By Joen Iannucci Haring
A 22-year-old male visited a dental office for a routine checkup. During the examination, a slight, bony swelling was noted near the mandibular first molar. A radiograph of the region revealed a large, round radiopacity.
The patient denied any history of pain associated with the mandibular molar area. The patient appeared to be in a general good state of health with no significant medical history. His dental history included routine checkups and restorative dental treatment.
The patient's vital signs were all found to be within normal limits. Extraoral examination of the head and neck region revealed no enlarged or palpable lymph nodes. Intraoral examination revealed a slight bony enlargement of the buccal alveolar bone near the mandibular first molar. Based on this clinical finding, a periapical radiograph of the region was exposed. The film revealed a well-defined, round radiopacity surrounded by a radiolucent rim and obliterating the distal root of the mandibular first molar (see film). The patient was referred to an oral surgeon for biopsy and removal of the lesion.
Based on the clinical and radiographic information presented, which one of the following is the most likely diagnosis?
• complex odontoma
• periapical cemental dysplasia
• focal sclerosing osteomyelitis
The cementoblastoma is a benign odontogenic tumor that is seen in association with tooth roots. This lesion arises from cementoblasts. The cementoblastoma is not a common lesion and represents less than 1 percent of all odontogenic tumors.
The cementoblastoma is most often seen in the second and third decades of life. More than 50 percent of these lesions are seen in patients under the age of 20. There is no sex predilection. The cementoblastoma is found predominantly in the mandible and affects the posterior region more often than the anterior region. The cementoblastoma is always seen in association with a tooth; the roots of the mandibular first molar are most often affected.
The cementoblastoma typically appears as a slow-growing, solitary lesion. The lesion is associated with a vital tooth. Pain and bony expansion occurs in two-thirds of reported patients. With percussion, there is an audible difference between a tooth with a cementoblastoma and a tooth without a cementoblastoma. Because the tumor is attached to the apex of a tooth, a dull and ankylosed sound is produced when the involved tooth is tapped.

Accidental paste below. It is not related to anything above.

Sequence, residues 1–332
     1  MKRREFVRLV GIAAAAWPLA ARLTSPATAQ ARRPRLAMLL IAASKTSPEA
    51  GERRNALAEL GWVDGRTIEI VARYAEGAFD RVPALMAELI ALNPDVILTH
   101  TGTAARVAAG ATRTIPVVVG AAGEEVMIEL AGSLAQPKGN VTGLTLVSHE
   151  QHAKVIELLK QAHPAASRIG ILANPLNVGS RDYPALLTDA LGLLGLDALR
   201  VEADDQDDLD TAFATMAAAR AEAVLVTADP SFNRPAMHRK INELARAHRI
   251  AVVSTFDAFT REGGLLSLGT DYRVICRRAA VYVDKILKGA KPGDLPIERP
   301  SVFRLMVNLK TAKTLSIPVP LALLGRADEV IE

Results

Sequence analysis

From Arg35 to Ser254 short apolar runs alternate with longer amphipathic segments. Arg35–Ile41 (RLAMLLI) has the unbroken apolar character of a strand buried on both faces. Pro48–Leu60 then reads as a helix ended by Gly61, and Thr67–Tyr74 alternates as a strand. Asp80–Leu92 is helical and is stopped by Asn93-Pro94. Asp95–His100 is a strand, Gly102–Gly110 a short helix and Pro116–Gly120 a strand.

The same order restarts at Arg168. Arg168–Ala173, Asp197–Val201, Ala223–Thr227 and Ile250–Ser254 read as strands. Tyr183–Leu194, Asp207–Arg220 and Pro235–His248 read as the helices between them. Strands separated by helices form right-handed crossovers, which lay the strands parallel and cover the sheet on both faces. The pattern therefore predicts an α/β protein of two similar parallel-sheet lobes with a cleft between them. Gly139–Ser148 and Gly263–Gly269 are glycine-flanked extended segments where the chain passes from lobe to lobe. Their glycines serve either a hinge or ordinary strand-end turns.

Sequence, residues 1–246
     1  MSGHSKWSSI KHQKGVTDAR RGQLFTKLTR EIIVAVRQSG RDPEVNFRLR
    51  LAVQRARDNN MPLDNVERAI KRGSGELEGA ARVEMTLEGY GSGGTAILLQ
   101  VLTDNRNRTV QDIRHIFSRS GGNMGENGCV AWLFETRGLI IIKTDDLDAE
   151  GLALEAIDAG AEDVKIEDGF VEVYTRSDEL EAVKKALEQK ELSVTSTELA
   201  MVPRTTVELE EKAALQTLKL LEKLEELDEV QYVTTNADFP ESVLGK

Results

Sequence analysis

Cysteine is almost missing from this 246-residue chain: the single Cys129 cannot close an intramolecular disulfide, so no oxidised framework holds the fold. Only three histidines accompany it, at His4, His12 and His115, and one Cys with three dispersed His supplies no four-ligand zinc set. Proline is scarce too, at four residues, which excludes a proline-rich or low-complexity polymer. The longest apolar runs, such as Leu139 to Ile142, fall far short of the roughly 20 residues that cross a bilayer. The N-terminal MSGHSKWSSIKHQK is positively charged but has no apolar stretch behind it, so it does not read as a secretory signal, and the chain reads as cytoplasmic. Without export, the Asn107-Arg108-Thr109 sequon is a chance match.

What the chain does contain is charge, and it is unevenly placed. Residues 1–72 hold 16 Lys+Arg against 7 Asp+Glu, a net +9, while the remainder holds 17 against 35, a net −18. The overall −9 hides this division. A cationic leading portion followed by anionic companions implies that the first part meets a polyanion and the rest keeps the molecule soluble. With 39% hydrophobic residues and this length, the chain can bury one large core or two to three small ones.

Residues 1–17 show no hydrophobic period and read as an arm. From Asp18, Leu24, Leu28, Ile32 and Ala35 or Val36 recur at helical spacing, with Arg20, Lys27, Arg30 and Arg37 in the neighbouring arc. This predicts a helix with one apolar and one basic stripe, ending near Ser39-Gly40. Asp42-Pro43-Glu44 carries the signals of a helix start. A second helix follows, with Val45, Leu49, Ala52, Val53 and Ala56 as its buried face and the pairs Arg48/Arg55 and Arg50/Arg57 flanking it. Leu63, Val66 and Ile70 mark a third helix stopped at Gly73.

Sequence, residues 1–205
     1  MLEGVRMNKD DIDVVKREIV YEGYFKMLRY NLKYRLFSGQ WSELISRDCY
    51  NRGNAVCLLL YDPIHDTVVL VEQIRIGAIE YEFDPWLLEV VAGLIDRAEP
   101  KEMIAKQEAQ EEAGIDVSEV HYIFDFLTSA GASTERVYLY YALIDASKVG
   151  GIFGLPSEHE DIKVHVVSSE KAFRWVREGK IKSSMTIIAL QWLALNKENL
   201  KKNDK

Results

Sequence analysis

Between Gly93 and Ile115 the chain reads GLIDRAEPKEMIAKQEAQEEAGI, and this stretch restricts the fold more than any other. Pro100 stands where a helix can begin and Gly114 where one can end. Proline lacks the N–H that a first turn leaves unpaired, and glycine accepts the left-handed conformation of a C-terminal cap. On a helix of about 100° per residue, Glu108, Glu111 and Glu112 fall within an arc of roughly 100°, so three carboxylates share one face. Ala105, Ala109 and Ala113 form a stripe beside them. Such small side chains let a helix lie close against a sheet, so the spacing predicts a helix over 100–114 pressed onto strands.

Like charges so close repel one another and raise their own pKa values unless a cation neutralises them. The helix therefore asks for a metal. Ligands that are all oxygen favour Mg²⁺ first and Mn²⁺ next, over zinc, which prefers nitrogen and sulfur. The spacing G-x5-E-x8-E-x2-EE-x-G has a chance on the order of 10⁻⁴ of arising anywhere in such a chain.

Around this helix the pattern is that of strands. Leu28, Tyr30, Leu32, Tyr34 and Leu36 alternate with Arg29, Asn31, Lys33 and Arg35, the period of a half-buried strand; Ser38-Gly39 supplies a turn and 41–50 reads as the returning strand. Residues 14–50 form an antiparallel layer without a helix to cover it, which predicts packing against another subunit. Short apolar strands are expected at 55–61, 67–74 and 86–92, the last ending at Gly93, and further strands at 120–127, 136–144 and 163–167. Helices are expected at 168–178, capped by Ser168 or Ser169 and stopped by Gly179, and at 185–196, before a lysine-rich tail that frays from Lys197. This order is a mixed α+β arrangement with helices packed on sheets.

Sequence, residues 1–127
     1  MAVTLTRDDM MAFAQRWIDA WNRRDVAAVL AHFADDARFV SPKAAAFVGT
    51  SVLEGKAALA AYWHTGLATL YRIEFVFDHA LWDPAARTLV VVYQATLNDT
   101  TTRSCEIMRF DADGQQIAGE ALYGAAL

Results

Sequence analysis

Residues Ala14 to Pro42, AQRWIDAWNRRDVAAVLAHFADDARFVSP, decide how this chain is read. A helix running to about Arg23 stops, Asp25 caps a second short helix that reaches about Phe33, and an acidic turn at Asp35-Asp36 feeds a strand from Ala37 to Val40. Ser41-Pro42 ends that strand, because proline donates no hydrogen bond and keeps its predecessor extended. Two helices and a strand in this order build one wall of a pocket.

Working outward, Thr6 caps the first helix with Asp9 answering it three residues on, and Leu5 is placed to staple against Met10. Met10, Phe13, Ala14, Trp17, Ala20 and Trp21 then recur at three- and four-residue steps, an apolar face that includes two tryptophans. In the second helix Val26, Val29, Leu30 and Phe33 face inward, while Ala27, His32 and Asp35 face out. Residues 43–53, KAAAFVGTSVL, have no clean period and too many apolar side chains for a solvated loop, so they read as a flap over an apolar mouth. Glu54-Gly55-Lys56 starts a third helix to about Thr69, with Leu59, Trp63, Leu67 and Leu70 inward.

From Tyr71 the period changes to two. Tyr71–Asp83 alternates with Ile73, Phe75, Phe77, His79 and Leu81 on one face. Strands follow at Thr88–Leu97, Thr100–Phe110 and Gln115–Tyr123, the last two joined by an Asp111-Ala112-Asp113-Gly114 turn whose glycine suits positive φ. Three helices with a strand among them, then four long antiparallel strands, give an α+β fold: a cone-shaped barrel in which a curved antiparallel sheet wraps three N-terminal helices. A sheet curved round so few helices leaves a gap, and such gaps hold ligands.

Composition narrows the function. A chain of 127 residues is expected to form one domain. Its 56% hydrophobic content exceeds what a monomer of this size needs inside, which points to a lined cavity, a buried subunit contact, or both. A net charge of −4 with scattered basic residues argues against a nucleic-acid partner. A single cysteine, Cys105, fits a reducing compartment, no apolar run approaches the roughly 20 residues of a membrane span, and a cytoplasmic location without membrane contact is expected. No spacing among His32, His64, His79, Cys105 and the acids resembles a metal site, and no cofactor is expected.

The cementoblastoma has a fairly characteristic radiographic appearance. The lesion will appear as a well defined radiopaque mass attached to the root of a tooth. The opacity is surrounded by a thin, radiolucent rim. A term that is used to describe the radiographic appearance of a cementoblastoma is a "target" lesion; as the name suggests, the lesion resembles a target.
When viewed on a radiograph, the cementoblastoma typically surrounds the apex of the tooth and extends midway up to the root surface. The cementoblastoma may obliterate the involved root and cause extensive resorption.
In addition, the lesion often appears to be "blended" with the obliterated root surface, and it is difficult to identify where the lesion stops and the root surface begins.
Diagnosis and treatment
A diagnosis of a cementoblastoma cannot be made based on the radiographic appearance alone. A biopsy and microscopic evaluation of the tissue is necessary in order to establish a diagnosis.
The cementoblastoma must be surgically removed along with the involved tooth. If left untreated, the cementoblastoma may continue to grow, destroy bone, and damage adjacent teeth. The cementoblastoma does not recur after total removal.
Joen Iannucci Haring, DDS, MS, is a professor of clinical dentistry, Section of Primary Care, The Ohio State University College of Dentistry.